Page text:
Why We’re Building in the Open
One of Base’s core values is building in the open. We believe this is foundational to building an onchain ecosystem because it creates accountability and enables collaboration.
By sharing our work openly, we enable the community to track our progress and ensure that we're living up to our commitments. This transparency also serves as a catalyst for collaboration, as it allows developers to tap into our knowledge base, building upon and refining what's already in place. Further, it provides a channel for valuable community feedback, whether it's about improving documentation or spotting an overlooked bug.
In this spirit, today we’re excited to share that we’ve open sourced our smart contract and web GitHub repositories.
Increasing Transparency with our Smart Contract Repos
We’ve open sourced our smart contract repos to provide developers with increased transparency around Base’s contract development, deployment, and upgrade process.
All contracts and scripts for Base are publicly available on GitHub. For the execution code and artifacts related to Base contract deployments and upgrades, visit this GitHub link for more details around incident responses, upgrades, contract deployments and calls, and one-off deployments.
We’re also committed to providing transparency around our key management practices. Earlier this year, we shared details around our multisig and challenger key setup. We partnered with the Optimism team to ensure that our upgrade process is documented thoroughly and well reviewed. This reduces the likelihood of an honest error significantly and ensures that any activity with malicious intent would be publicly visible and easier to detect. In a task involving a Base multisig (example) you can see the script run by multisig signers, commands used to sign them, and records of executing these transactions onchain. In the docs, you can see all Base Admin Addresses, which includes addresses used to set up and secure the Base ecosystem. Through this transparency, we’re aiming to hold ourselves accountable to a thoughtful, secure key management process.
Our GitHub preserves each onchain action as we ran it at the time. Each action, like a contract deployment, call, or upgrade, is kept in its own special directory, neatly organized under the network it was performed on, and named after the date and a description of the action. This not only makes actions easy to reproduce, but it also shows how our process has evolved over time.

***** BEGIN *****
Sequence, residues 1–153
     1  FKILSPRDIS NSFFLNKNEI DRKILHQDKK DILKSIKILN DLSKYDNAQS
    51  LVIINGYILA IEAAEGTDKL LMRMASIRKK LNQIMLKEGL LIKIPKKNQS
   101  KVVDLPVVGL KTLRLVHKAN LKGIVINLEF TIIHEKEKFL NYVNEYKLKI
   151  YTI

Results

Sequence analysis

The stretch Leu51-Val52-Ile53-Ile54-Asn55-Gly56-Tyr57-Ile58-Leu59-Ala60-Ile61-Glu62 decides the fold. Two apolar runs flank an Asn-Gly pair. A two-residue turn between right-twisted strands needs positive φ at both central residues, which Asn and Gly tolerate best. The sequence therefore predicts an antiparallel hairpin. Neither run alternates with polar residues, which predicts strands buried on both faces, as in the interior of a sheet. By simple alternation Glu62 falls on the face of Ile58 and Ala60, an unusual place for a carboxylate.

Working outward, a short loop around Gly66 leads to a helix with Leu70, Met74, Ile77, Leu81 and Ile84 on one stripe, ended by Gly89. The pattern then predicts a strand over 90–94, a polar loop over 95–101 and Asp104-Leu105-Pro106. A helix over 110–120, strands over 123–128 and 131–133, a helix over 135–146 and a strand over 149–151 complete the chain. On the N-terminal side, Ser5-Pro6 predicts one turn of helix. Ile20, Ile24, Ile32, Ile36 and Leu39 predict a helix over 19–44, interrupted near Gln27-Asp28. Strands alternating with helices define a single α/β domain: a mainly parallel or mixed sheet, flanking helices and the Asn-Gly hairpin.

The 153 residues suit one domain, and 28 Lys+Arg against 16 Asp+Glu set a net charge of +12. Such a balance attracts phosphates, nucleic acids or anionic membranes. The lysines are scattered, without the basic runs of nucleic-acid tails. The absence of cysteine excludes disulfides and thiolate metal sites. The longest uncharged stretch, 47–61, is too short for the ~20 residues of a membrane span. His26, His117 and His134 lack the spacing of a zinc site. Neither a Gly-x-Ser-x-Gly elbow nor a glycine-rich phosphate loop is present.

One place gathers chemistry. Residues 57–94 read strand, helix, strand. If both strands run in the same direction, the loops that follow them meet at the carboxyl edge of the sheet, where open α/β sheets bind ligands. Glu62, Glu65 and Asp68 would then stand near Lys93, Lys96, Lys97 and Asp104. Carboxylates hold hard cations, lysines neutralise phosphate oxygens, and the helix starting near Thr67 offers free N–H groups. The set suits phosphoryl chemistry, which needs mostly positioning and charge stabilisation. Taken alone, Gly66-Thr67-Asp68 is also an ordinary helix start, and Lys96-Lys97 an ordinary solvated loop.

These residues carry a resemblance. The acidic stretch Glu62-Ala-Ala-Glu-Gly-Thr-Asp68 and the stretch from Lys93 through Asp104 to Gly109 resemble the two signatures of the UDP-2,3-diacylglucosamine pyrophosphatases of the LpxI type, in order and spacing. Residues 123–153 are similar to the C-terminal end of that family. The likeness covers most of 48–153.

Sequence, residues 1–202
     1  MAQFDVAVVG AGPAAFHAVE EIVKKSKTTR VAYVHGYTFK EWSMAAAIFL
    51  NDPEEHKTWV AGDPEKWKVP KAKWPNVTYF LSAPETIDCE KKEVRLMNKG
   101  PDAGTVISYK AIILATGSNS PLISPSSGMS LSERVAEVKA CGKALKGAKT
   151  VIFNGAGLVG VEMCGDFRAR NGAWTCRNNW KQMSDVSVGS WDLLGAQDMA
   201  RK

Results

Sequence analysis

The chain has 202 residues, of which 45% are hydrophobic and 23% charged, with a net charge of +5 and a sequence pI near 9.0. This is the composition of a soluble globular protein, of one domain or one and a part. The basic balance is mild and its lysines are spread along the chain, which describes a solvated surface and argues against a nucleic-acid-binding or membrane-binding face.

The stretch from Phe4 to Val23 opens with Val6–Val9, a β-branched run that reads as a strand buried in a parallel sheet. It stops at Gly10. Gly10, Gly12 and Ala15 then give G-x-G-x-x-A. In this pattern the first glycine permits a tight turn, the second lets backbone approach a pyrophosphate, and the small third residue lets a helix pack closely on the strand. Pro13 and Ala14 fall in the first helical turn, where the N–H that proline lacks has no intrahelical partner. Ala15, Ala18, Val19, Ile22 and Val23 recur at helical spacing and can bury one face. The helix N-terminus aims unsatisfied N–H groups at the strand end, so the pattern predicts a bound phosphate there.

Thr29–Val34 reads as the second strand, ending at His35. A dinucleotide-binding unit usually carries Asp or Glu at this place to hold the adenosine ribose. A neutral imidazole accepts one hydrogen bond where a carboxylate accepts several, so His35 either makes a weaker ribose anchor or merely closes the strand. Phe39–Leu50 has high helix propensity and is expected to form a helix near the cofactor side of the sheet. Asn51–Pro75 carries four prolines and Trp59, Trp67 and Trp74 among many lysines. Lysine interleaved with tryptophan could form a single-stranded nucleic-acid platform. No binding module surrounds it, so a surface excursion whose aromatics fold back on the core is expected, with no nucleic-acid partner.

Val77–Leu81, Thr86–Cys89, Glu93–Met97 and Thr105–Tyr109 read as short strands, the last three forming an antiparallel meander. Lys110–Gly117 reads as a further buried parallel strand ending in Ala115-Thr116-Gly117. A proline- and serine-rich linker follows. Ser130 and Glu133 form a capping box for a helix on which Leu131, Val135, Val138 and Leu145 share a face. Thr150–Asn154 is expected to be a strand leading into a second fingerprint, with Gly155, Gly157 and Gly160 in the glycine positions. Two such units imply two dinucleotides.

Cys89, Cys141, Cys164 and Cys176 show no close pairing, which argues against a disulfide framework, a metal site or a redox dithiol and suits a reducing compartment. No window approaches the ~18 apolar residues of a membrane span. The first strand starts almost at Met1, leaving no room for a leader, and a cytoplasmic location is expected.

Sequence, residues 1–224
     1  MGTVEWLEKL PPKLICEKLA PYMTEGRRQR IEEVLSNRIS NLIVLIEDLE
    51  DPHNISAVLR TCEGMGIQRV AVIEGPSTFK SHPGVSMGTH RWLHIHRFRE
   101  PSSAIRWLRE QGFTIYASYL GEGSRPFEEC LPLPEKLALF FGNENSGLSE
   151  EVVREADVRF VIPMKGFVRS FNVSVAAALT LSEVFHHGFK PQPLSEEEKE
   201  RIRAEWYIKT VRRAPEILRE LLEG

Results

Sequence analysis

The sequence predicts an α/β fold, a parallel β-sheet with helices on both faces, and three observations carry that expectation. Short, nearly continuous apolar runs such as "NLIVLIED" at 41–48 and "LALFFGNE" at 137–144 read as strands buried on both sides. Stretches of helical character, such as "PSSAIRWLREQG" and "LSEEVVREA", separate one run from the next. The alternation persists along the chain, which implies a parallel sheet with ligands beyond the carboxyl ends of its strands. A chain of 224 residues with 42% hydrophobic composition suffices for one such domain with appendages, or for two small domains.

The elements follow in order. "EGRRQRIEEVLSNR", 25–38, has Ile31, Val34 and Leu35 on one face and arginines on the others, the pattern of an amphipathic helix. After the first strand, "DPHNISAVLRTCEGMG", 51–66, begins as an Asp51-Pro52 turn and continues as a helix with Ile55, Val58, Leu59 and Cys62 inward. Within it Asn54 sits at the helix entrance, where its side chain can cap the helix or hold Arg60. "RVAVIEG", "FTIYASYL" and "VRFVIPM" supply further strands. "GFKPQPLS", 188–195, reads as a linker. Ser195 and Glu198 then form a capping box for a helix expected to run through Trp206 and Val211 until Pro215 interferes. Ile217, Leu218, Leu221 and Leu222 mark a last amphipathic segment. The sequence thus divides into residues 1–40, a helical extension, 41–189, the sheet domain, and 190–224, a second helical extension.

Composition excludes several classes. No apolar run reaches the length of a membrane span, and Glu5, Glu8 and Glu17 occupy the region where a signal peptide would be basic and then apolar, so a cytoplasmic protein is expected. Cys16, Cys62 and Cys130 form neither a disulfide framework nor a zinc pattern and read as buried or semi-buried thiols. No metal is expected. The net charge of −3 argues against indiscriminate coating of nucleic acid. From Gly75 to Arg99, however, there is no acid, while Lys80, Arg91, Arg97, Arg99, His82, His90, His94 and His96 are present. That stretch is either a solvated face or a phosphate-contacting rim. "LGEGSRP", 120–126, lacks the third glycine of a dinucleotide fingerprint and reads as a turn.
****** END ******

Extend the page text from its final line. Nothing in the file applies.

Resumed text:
If you’re a builder, we’d love you to check out our smart contracts and codebase, and submit a Git issue with any feedback.
If you’re security-minded and spot a security issue in any of our code, our HackerOne bounty program covers the Base network, the Base bridge contracts, and Base infrastructure with bounty payouts of up to $1,000,000.
Open Sourcing our Web Repos
We’ve also open sourced all of Base’s web properties including base.org, docs.base.org, and bridge.base.org to increase transparency and invite developers to provide feedback and contribute. Alongside these core web properties, we will continue to contribute to open source projects (including the OP Stack itself) and have open sourced improvements to tools like OP-viem. You can check out our docs on docs.base.org, and open an issue with ideas for improvement.
On bridge.base.org, you can see the code that submits deposits and withdrawals from Base. If you’re looking to build something similar, you can see how we did it and make your own iterations. If you have any feedback on our code, you can submit it here.
Building Onchain, Together
Open source is a win-win for our onchain future.
Builders get access to a trove of knowledge, improve on what’s already been done, and in turn inspire others in the space. Through collaboration and transparency, we can accomplish the big vision: bringing the next billion people onchain.
We’re grateful for all builders whose contributions are helping us grow and secure the ecosystem.